World War I in Lawrence: 64-year-old veteran volunteers to serve again

At an age when many local men were content to retire from work, a Lawrence veteran wished to respond to a call for artillery men. “Although sixty-four years old, William R. Smith of this city wants to see active military service,” the Journal-World reported. “He is one of the latest recruits to volunteer to enlist in the headquarters company of the Field Artillery regiment of the Kansas National Guard. The application was regretfully refused by the recruiting officer because of the age of the applicant. Mr. Smith is a graduate of Columbia University and served for more than seven years as a sergeant in the regular army of the United States. He read of the appeal for men for the artillery headquarters company and longed to do his ‘bit’ on the battle field.”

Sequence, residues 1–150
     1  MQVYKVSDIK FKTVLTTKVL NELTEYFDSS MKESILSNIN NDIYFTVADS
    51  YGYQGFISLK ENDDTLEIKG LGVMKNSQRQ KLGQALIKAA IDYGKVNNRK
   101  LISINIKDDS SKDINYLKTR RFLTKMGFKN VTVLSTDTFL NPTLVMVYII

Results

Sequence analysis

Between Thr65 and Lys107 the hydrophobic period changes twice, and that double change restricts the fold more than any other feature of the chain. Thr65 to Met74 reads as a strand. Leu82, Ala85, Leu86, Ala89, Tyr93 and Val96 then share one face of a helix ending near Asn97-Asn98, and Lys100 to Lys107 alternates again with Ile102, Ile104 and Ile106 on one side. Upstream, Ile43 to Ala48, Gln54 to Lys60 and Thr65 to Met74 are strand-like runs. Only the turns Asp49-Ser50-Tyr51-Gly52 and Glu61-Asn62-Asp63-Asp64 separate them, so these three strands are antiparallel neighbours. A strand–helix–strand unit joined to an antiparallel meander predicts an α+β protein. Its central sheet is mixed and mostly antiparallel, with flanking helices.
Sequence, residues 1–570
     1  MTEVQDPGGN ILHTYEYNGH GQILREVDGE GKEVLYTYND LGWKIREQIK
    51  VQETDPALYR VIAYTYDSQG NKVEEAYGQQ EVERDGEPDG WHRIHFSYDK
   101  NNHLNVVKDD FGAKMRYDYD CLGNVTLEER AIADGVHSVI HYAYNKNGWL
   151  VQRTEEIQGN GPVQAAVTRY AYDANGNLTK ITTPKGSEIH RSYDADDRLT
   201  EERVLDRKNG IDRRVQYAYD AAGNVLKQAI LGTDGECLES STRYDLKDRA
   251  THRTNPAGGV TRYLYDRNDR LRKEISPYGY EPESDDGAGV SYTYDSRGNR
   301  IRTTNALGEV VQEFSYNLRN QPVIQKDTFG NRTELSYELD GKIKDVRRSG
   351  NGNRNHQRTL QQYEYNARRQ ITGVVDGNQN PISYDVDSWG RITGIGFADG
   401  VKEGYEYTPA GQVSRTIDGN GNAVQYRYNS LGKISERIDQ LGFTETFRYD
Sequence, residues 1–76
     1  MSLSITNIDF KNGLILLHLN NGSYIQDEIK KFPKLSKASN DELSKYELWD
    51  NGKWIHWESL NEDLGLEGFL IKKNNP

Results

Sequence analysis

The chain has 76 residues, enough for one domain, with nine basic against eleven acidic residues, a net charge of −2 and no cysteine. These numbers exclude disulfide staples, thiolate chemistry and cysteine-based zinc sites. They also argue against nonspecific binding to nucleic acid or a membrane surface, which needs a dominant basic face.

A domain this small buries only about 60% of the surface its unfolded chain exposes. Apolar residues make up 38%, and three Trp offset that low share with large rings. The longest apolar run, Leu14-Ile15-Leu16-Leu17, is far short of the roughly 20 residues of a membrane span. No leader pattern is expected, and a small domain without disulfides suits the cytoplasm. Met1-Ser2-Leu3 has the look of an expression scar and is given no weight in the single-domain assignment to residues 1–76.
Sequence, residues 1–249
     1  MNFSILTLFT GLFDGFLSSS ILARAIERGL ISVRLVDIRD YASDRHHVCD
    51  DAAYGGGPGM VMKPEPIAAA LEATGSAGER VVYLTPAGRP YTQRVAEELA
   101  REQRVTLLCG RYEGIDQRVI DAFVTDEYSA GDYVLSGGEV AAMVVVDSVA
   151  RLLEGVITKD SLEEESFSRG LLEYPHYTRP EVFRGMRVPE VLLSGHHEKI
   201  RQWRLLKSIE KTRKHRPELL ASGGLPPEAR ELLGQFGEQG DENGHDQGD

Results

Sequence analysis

In Topeka this week, state health board secretary Dr. S. J. Crumbine warned of an impending shortage of doctors on the home front. “The problem of securing medical men for the new army is serious,” said Dr. Crumbine, “and it may be necessary to resort to conscription to obtain them…. After the entire medical reserve is exhausted — this includes all the physicians who have volunteered their services — only one-fourth the number needed will have been supplied. To supply the demand, 40 per cent of the present effectives in the medical profession will be required…. The nation must take better care than ever of health problems, because the aged physicians, many of whom have practically retired, will have to care for the public. It is a condition which will remain for a long time, as it requires about seven years to turn out a man equipped to practice medicine.'”